How Do Sovereign Gold Bonds Compare to Other Gold Investment Options?

In India, gold has always been one of the most trusted and reliable investment options, and investors love to invest their money in gold. But to limit the import of gold, the Government of India launched the scheme of Sovereign Gold Bond (SGB) in 2015. Every year the Government launches different tranches of SGB at regular intervals. Comparing SGB with physical gold it has some pros. However, there are some cons as well. So let’s dive in and understand more about SGBs.

Features of Sovereign Gold Bonds

  • Price: When determining the cost of a sovereign gold bond, the Indian Bullion and Jewellers Association Limited (IBJA) fixes the average closing price of 999 per cent gold over the previous three days.
  • Interest Payment: A SGB provides its investors 2.5% simple interest per annum, distributed every six months.
  • Tenure: SGBs have a term of 8 years.
  • Quantity of Subscription: Subscriptions in SGBs are made based on grams of gold. The minimum investment is 1 gram of gold, and the maximum limit is 4 kg of gold for individual investors and undivided Hindu Families (HUF). The limit is 20 kg for trusts and corporations.
  • Resale of SGBs: One can sell Sovereign Gold Bonds in the secondary market after 14 days from the subscription date. The resale price depends on the gold prices and their demand and supply in the stock market.
  • Premature Withdrawal: Investors are allowed to withdraw their investment after a holding period of 5 years which is mandatory.

The Benefits of Investing in Sovereign Gold Bonds

  • Interest Payment: One of the biggest reasons people invest in SGBs is regular interest payment. The Government of India provides a fixed annual interest on your invested amount. The interest is generally around 2.5% which is disbursed every six months.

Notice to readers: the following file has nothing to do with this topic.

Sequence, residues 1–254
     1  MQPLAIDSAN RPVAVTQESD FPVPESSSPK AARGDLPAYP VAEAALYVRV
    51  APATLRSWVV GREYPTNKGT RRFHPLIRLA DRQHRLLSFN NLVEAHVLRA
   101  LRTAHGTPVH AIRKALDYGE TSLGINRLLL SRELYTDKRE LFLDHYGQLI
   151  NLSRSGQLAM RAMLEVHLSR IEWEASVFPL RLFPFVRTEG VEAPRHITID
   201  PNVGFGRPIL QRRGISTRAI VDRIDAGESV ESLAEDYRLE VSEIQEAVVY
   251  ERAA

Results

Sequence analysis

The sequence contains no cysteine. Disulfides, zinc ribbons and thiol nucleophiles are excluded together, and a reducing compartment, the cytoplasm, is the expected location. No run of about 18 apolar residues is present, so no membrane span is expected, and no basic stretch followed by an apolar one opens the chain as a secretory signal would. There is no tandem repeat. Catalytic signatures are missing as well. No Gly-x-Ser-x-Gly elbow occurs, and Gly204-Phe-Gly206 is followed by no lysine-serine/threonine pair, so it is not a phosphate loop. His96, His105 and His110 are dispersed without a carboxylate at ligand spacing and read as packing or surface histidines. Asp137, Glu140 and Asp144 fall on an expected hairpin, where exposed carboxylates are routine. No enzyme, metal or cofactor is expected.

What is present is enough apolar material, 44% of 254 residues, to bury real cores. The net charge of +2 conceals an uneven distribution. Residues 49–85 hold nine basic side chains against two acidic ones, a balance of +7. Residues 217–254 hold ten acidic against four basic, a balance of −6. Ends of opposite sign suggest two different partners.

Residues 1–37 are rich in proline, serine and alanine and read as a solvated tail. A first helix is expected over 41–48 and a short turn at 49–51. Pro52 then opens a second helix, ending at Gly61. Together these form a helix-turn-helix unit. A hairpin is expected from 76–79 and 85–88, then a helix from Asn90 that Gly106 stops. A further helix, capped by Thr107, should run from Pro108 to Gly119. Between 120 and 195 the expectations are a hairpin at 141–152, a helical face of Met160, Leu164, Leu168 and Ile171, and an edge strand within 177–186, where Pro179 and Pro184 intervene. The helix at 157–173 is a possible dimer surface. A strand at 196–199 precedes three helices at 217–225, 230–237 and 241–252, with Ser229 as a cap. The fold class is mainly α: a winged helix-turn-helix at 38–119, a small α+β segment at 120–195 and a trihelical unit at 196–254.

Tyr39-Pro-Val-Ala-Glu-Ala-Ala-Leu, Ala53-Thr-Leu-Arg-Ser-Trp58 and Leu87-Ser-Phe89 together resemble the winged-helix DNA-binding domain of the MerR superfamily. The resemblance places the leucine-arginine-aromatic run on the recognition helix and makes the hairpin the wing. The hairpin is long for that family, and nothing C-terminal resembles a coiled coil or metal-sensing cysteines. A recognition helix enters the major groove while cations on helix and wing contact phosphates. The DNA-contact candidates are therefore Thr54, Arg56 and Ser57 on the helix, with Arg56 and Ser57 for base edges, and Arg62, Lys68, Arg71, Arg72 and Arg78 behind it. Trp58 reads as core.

• Available in Paper and digital format: SGBs eliminate the concern of holding physical gold. These bonds are readily available in paper format or stored in your Demat account. In addition, investors get a holding certificate when they invest in SGBs.
  • Tax Advantages: Sovereign Gold Bonds have tax advantages too. The interest you receive is free of Tax Deducted at Source (TDS), and also you are allowed to transfer the bond before it matures and get the indexation benefit. 
  • Less Risky: The RBI issues an SGB under the Government Securities Act of 2006 on behalf of the Central Government. Therefore it is known as one of the safest investment forms. Any risk included with SGB can be volatility in gold prices.
  • Capital Appreciation: The underlying asset in SGB is gold, a precious metal, and its price tends to increase in the long run. When the stock market is volatile, people prefer investing in gold as it is considered stable. Moreover, gold is always in high demand, which leads to an appreciation of the amount invested.
  • Long-Term Investment: Sovereign Gold Bond has a holding period of eight years and is suitable for investors aiming to invest for the long term.
  • Act as collateral: Banks and non-banking finance companies (NBFC) accept SGBs as a security for loans. An individual can get a loan of up to 75% of the bond’s market value. 

Risks of Investing in Sovereign Gold Bonds